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Hi Everyone!
There was a wealth of top games to choose from this month, from the European Club Cup, World Rapid and Blitz Championships, and many high-level classical events. In this Update I focus on some weird and wonderful developments in the Réti as well as exciting new ideas in the English.

Download PGN of November '15 Flank Openings games

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Réti Opening 1 Nf3 d5 2 c4 d4 3 b4 [A09]

1 Nf3 d5 2 c4 d4 3 b4 is a topical line of the Réti featured in Greenfeld - Short. Nigel continued with the relatively rare 3...Bg4 and after 4 g3 played the logical novelty 4...f6:

Black is playing for the centre in principled fashion, at the cost of lagging kingside development, and soon there was 'fire on board'. In a complex position, both sides had chances, but Short out-calculated his opponent and won in just 22 moves.

In addition to this game, the line with 3 b4 was also played in Ivanchuk-Hammer at the European Club Cup, Kramnik-Andreikin at the recent World Cup, and a number of games in the World Rapid and Blitz Championships this month. These games are covered in the notes to the main game.

Réti Opening, Anti-Slav Gambit 3 Bg2 c6 4 c4 dxc4 [A11]

The Anti-Slav Gambit has been covered extensively on this site over the years, with the main line being 5 0-0 Nbd7, with 5...Bf5 and 5...Be6 getting an honourable mention. In T.L.Petrosian-Anand however, Anand played 5...b5 which is new to this site:

Black defends the c4-pawn with his b5-pawn rather than with pieces (which happens in the other main lines here). Black's idea is not necessarily to hold onto the extra pawn at all costs, and in fact Anand returned the pawn quickly and gained space on the queenside with ...b4. He was doing well out of the opening and went on to win the game.

Réti Opening, Reversed Grob 1 Nf3 e6 2 c4 g5!? [A13]

We have seen original play in the Flank Openings from the young Spanish GM David Anton Guijarro in earlier Updates, but here he plays something truly off-beat!

Sethuraman - Anton Guijarro opened with 1 Nf3 e6 2 c4 g5!?:

Yes it was a Rapid game, but this one was contested between two 2630+ GMs in the important World Rapid Championship. White's first two moves do give Black's 2...g5 some point - White isn't yet controlling the g5-square and the f3-knight will likely get chased around. In fact, this is probably one of the best of all the openings where Black plays ...g5 on the first or second move! Seriously though, this game does give food for thought. Sethuraman did emerge with a good position as White, but the position was sufficiently complex that anything could happen (and it did!).

Pseudo-Grünfeld 5 h4 [A16]

4 cxd5 Nxd5 5 h4 is a key line of the Pseudo-Grünfeld in which we saw the slugfest Ding Liren-Wei Yi in last month's Update. Several other top players also tested it at the World Rapid and Blitz in Berlin this month. In Yu Yangyi-Khmelniker from Skopje, Black played 5...Nf6, trying to hold up the advance of White's h-pawn and take play into a more regular Grünfeld setup once White advances his central pawns.

This is double-edged however, as Black has lost time with his knight and doesn't have immediate pressure on White's centre. Yu Yangyi built a classical pawn centre, drove his h-pawn to h6, and won an instructive game.

King's English 3 g3 Bb4; 5 e4 [A22]

Giri - Anand from the Bilbao Masters started 1 c4 e5 2 Nc3 Nf6 3 g3 Bb4 4 Bg2 0-0 5 e4 Bxc3 6 bxc3 c6 and in this well-known position, Giri unleashed 7 Nf3, which was effectively a novelty at this very early stage:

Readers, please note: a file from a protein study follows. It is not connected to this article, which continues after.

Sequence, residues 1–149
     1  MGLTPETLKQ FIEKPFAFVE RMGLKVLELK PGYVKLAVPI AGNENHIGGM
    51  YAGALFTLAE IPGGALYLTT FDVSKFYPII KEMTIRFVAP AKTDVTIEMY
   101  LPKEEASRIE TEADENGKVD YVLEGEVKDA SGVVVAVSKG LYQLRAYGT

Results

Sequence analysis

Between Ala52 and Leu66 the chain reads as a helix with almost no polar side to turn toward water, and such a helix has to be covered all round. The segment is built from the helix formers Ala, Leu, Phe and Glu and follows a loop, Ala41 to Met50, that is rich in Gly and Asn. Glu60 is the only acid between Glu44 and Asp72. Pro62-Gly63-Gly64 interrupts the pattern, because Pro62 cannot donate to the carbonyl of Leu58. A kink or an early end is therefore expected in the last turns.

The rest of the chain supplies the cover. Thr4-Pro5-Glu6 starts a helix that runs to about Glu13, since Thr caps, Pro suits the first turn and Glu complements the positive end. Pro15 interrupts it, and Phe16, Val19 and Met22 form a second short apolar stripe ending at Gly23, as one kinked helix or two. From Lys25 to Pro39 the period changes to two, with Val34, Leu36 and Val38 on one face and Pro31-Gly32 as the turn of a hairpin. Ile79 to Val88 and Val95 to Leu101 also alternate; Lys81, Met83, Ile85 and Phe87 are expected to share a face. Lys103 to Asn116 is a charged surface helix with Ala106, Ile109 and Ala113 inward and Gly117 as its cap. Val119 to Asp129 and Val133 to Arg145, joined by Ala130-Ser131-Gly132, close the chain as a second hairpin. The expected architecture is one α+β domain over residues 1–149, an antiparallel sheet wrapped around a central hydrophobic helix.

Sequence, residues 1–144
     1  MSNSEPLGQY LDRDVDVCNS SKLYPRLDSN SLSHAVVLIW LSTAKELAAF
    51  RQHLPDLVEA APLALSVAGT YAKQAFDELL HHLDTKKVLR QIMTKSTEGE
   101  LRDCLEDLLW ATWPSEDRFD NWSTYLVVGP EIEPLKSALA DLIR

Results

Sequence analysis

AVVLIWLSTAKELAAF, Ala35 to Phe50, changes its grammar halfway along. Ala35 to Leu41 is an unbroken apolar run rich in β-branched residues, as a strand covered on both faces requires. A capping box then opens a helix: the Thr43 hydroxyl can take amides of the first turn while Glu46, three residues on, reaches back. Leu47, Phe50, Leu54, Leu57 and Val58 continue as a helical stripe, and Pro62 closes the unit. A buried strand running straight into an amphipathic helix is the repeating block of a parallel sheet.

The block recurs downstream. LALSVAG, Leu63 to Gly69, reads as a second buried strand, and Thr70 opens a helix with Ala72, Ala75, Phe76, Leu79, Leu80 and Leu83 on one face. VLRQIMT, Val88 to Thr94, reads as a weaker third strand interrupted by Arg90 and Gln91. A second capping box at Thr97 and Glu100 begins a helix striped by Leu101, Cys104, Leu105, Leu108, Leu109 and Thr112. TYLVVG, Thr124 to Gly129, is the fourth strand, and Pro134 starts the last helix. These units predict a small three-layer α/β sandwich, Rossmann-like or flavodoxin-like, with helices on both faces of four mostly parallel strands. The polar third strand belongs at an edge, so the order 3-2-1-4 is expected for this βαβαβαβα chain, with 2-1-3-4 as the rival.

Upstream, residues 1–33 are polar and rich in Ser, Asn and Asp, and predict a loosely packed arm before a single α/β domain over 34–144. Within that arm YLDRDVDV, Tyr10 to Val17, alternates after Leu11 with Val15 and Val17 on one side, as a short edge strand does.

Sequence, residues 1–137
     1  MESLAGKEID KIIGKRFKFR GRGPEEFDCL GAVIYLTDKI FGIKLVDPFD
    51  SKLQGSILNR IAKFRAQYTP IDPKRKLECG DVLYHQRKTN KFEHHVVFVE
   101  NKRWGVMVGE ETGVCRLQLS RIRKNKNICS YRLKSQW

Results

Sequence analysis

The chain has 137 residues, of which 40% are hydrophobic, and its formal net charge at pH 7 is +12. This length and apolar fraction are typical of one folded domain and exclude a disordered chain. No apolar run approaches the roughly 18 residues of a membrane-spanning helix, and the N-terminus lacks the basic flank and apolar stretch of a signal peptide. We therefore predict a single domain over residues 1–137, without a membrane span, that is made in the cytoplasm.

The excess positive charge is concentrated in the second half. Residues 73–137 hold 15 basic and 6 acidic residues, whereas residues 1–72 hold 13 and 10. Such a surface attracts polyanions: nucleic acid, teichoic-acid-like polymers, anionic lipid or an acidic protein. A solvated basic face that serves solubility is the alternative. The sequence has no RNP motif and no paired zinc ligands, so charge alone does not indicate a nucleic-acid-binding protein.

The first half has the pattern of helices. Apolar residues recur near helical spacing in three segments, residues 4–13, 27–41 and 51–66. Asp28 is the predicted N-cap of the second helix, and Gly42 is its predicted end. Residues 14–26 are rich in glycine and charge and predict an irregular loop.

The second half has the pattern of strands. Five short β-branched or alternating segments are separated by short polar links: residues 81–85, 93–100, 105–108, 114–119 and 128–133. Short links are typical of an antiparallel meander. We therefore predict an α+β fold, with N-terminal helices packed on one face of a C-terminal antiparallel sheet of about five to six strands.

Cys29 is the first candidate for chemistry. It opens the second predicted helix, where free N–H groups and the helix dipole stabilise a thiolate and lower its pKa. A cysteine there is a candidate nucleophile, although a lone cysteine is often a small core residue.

Although this move had been played in a single correspondence game, it definitely surprised Anand. He missed a hidden tactic on move 10, and rather than suffer a pawn down, went for complications which soon landed him in a lost position. Although this was an uncharacteristic performance from Anand, this does not detract from Giri's excellent opening preparation which revitalizes this line for White.

Reversed Dragon 8 Rb1 [A29]

In the Reversed Dragon after 1 c4 e5 2 g3 Nf6 3 Bg2 d5 4 cxd5 Nxd5 5 Nc3 Nb6 6 Nf3 Nc6 7 0-0 Be7, Nakamura - Sevian continued with 8 Rb1 which is the third most popular move here, a long distance behind 8 a3 and 8 d3 in terms of adoption. After 8...0-0, White played 9 b4 without the preparatory a2-a3:

8 Rb1 sets slightly non-standard problems, and appears to be growing in popularity recently. It also enabled Nakamura to take his young opponent out of normal lines, and after emerging from the opening with a big positional advantage, the US No. 1 scored a crushing win.

Symmetrical Four Knights 6 g3 Qb6 7 Nb3 [A33]

Dubov - Leko started with 1 Nf3 c5 2 c4 Nc6 3 d4 cxd4 4 Nxd4 Nf6 5 Nc3 e6 6 g3 Qb6 7 Nb3 Ne5 and in this heavily analysed position White now launched a daring and little known pawn sacrifice 8 Bg2!?:

While not a new move, 8 Bg2 seems to have flown beneath the radar of mainstream theory. In the World Rapid Championship, Dubov impressively beat both Leko and Grischuk with this line. This exciting gambit is a fresh approach to a well-worn position and gives White a whole new avenue of investigation.

Symmetrical English 3 Nc3 e5 4 e3 Nf6 [A34]

The line with 1 c4 c5 2 Nf3 Nc6 3 Nc3 e5 4 e3 Nf6 is one of Grischuk's specialities. He played the Black side of this variation four times in the 2011 Candidates tournament alone, and a number of times since. In Jakovenko - Grischuk, after 5 d4 e4 6 Ne5 Grischuk varied from his earlier games and came up with 6...Be7, which had not been played before at top level:

White didn't manage to cause his opponent any significant problems from the opening, and in fact Black was pressing for most of the game which eventually ended in a soundly played draw.

I hope you enjoy this Update!

Until next month, David.

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